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Racial bias in pulse oximetry measurement.

Sjoding MW,  Dickson RP, Iwashyna TJ, et al. Racial bias in pulse oximetry measurement. N Engl J Med. 2020;383(25):2477-2478. doi: 10.1056/NEJMc2029240

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December 20, 2020
Sjoding MW, Dickson RP, Iwashyna TJ, et al. N Engl J Med. 2020;383(25):2477-2478.

Pulse oximetry is used to triage patients, initiate or adjust oxygen administration, and, more recently, as a way to remotely monitor COVID-19 patients at home. However, a study in the Johns Hopkins Health System showed that Asian, Black, or Hispanic patients are more likely to experience inaccurate readings, potentially resulting in missed or delayed diagnosis of respiratory diseases. This study used paired oxygen saturation by pulse oximetry and arterial oxygen saturation in arterial blood gas in Black and white patients before and during the COVID-19 pandemic. Consistent with the Johns Hopkins study, Black patients had three times the frequency of occult hypoxia than white patients.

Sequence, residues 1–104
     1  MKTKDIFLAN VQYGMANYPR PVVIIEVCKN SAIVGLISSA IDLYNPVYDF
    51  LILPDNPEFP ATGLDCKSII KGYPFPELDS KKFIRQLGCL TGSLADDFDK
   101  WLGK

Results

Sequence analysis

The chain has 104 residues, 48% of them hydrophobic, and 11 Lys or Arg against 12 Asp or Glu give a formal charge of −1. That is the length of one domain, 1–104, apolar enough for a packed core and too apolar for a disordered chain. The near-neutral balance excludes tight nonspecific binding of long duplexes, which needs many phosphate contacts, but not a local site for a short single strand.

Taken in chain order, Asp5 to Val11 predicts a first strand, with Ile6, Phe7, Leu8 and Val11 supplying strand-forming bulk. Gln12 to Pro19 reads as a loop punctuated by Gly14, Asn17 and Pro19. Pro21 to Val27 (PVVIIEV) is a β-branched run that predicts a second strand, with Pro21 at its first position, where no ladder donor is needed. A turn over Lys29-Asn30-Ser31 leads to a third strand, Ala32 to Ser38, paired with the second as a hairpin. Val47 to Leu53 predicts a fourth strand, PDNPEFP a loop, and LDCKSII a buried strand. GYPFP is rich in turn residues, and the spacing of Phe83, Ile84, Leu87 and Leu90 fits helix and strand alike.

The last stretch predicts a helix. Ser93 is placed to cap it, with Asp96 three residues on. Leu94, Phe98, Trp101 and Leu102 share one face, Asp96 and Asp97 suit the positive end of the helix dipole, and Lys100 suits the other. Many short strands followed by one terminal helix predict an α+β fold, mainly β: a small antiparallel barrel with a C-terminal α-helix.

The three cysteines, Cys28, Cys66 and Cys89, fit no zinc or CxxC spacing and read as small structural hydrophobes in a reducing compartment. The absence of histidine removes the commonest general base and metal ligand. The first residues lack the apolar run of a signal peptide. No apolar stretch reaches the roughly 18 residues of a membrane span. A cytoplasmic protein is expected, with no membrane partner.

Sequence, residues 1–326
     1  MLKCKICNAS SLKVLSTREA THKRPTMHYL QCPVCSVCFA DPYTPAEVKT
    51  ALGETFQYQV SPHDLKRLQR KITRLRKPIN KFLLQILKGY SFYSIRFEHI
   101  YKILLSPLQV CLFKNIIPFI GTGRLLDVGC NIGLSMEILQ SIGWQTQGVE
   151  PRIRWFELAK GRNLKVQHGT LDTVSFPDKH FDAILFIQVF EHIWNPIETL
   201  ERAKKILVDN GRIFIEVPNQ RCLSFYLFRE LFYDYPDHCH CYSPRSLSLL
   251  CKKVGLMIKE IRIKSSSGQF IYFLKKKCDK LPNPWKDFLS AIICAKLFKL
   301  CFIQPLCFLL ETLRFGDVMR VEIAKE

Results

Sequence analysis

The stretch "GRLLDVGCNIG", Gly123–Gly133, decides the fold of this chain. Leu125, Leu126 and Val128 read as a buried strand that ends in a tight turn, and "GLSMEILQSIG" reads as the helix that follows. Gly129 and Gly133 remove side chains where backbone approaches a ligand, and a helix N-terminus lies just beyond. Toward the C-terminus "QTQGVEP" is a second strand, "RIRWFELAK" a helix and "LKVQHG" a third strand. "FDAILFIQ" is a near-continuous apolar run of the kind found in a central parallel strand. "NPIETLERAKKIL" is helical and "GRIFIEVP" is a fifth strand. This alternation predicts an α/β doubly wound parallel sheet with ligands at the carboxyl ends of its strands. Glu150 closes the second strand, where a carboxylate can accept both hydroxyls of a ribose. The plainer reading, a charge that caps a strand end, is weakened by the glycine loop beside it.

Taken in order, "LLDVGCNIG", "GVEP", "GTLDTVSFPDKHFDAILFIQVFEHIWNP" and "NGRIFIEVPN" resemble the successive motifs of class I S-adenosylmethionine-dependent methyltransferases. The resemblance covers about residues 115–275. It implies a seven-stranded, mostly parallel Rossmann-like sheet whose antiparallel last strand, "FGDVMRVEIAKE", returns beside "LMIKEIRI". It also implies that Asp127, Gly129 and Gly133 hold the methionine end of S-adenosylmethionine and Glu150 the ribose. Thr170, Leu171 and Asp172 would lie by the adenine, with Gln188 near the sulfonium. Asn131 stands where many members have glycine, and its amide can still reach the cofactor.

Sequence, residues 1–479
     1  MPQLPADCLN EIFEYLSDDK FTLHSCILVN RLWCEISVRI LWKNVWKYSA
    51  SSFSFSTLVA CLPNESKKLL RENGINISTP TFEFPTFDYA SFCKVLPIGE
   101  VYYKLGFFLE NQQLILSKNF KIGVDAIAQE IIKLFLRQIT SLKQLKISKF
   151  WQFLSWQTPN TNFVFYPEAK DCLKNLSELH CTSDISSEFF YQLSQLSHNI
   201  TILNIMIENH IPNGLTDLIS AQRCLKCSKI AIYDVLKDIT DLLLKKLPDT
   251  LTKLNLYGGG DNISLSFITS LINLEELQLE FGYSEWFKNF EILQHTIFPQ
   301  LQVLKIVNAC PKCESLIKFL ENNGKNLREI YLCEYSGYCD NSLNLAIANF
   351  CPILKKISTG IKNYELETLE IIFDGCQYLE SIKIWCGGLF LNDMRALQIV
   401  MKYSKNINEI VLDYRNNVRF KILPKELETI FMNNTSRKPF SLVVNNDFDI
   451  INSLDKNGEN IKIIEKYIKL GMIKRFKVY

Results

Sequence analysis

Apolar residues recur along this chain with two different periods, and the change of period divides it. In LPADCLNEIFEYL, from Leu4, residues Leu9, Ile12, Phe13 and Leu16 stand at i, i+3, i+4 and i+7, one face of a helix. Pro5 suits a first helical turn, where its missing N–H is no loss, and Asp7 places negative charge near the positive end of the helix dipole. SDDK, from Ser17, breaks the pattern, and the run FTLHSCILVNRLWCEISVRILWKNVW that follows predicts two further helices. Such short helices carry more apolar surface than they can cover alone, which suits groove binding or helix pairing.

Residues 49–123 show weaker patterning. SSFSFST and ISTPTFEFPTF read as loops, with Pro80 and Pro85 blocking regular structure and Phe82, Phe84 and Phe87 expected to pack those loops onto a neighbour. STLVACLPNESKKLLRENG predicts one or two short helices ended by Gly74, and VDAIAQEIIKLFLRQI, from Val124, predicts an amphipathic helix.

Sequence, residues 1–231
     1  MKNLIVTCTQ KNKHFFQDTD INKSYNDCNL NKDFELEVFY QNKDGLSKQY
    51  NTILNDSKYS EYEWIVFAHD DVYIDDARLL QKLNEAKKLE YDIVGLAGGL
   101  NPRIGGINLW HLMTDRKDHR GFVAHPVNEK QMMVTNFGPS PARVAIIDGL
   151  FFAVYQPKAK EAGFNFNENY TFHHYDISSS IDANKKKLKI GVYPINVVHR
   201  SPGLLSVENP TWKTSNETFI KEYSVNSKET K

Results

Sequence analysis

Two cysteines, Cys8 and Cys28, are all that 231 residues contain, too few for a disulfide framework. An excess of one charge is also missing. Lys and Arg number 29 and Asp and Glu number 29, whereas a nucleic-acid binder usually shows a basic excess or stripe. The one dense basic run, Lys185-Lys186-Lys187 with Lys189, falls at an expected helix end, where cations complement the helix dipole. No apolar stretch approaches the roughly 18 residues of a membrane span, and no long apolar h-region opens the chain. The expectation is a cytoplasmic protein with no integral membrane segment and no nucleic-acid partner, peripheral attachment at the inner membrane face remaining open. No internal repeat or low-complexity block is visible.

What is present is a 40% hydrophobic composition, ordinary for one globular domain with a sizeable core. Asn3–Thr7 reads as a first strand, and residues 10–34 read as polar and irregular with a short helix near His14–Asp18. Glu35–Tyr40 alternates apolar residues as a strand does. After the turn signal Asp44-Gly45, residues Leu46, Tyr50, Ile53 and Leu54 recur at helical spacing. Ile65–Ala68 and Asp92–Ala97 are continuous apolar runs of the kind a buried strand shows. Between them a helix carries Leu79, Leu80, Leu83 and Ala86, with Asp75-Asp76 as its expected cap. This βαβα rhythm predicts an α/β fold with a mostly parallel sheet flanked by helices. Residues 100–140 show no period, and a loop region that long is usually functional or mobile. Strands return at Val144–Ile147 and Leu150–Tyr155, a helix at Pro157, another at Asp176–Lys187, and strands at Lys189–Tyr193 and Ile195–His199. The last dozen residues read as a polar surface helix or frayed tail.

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Sjoding MW,  Dickson RP, Iwashyna TJ, et al. Racial bias in pulse oximetry measurement. N Engl J Med. 2020;383(25):2477-2478. doi: 10.1056/NEJMc2029240

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